by brimur 2008-05-26 04:48PM | 0 recs
Re: McCain's Distortions on the Webb GI Bill

It's not just developing noncoms. Retention is more cost effective than recruiting because of the training costs. I am not saying I oppose the bill, just that there are rational reasons to oppose it.

by itsthemedia 2008-05-26 05:37PM | 0 recs
Re: McCain's Distortions on the Webb GI Bill

That's an important point you make, I think. But what about the costs of treating soldiers for various psychological issues relating to prolonged terms of duty?

by brimur 2008-05-26 07:11PM | 0 recs
Re: McCain's Distortions on the Webb GI Bill

Yes. It is a complicated issue. All I can say for sure is that the Bush Administration's approach has been disgraceful. Every year their budget request for veterans' care is slashed. They treat our soldiers, marines, sailors, and airmen as if they are disposable items, not real men and women.

by itsthemedia 2008-05-26 08:42PM | 0 recs
Re: McCain's Distortions on the Webb GI Bill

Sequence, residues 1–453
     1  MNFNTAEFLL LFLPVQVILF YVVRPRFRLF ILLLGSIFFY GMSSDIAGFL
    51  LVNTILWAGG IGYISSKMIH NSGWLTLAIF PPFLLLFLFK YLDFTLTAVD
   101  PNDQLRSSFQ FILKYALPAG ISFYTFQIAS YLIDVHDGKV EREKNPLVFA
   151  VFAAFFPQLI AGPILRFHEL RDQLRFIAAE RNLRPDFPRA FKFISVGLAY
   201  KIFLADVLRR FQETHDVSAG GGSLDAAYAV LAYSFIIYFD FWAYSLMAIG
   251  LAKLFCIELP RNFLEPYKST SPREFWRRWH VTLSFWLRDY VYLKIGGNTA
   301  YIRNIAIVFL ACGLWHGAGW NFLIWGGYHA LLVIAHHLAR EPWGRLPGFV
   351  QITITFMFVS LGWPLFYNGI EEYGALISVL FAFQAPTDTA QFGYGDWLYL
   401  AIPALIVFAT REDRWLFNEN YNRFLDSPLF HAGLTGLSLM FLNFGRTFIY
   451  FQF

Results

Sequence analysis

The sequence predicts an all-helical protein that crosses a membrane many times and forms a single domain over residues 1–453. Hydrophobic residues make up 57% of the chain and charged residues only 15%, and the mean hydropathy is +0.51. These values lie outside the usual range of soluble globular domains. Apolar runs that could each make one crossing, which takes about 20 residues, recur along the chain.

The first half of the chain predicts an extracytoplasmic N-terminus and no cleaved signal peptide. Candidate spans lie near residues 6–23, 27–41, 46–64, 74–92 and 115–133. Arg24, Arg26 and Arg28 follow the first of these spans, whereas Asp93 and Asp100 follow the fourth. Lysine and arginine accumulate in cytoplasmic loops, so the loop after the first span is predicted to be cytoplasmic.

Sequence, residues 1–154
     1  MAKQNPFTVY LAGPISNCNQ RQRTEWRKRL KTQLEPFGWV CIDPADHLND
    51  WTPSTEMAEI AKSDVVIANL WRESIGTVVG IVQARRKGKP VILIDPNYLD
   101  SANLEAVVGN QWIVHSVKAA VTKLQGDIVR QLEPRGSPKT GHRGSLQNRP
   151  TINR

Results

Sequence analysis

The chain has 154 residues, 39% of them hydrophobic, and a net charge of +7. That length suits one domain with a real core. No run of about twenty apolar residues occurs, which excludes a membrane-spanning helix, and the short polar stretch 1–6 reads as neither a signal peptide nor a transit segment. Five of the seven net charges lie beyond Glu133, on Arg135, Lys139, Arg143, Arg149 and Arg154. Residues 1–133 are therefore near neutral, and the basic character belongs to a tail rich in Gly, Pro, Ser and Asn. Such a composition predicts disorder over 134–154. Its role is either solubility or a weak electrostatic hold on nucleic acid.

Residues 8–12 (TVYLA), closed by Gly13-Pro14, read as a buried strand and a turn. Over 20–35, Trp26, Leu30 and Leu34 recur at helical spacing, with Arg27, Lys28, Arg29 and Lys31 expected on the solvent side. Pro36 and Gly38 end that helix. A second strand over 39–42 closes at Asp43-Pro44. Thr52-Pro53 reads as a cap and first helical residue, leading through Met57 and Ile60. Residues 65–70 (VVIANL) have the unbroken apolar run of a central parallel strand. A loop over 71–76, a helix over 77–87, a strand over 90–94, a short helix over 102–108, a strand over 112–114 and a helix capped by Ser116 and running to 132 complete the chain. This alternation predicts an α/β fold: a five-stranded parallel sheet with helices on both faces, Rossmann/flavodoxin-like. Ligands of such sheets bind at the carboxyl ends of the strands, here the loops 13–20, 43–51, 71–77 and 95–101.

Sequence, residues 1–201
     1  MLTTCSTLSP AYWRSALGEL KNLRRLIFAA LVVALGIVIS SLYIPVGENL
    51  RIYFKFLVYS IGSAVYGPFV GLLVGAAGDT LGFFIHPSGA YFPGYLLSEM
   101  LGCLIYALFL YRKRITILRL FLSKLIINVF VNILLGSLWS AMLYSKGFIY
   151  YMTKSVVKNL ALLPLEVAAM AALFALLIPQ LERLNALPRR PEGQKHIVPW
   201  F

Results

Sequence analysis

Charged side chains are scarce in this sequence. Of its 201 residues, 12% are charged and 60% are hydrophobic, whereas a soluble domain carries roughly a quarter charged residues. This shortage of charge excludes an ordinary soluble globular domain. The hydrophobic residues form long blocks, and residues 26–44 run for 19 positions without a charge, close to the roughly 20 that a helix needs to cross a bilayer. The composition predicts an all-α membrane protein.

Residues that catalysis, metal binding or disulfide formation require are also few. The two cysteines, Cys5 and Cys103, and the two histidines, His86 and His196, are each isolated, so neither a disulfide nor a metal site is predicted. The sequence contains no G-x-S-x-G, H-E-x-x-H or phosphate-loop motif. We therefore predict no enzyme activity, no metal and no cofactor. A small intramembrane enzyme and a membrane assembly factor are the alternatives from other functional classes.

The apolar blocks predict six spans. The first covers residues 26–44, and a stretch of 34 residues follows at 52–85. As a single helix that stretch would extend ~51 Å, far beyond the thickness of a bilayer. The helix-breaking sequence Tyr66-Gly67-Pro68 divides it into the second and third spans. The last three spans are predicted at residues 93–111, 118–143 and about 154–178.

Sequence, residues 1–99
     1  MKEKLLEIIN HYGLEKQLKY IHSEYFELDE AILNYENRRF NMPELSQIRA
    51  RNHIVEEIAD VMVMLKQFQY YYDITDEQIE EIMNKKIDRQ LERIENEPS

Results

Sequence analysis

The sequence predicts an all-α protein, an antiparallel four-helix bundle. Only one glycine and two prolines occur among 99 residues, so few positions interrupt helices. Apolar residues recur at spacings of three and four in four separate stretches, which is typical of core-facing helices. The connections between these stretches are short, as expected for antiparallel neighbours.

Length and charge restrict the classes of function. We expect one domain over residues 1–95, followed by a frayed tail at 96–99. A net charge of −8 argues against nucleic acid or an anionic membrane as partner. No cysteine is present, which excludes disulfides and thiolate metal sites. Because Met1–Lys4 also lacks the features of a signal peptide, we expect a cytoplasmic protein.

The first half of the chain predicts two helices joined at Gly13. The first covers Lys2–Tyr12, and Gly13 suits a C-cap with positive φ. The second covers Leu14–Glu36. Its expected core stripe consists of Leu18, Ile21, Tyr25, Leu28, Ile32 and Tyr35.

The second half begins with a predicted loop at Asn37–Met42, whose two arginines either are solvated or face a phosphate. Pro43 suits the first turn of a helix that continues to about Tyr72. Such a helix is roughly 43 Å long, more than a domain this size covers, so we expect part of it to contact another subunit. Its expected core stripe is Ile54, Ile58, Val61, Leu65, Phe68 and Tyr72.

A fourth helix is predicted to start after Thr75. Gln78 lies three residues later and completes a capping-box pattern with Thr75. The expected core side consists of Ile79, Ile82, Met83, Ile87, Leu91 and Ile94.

First, I'm in general agreement with you, and suspect that I will ultimately come down on the side of supporting the new GI bill.

My point (a) was that we should certainly compensate our troops for their service. Although I didn't state it, I believe we should err on the side of generous benefits. However it really doesn't make sense to say, "nothing is too good for those who served." That was my point about a billion dollars for one day of service.

As you point out, the economic benefits of the educations provided by the original GI bill went way beyond the individual veterans. But that's a different issue. I think it would be wonderful if we could find a way to ensure that everyone who could benefit from a college education could afford it, veteran or not. In the long run it might well make economic sense to extend free public education through college.

My point (b) was that in any organization (military, business, political party, ...), experience is generally useful. No, I don't want the military staffed entirely by veterans with 30+ years of service. Nor do I think it would be wise to have it staffed entirely by "30-day wonders". We need a mix, and we need to provide the incentives to create that mix. If we want to retain skilled soldiers we have to provide incentives to remain in the military--just as any employer must. That means that those who remain longer should receive greater benefits. I would not "deny them any substantial benefits until they re-enlist multiple times", but I would provide greater benefits to those who serve longer than to those who serve shorter. How great those benefits should/must be is a matter of debate.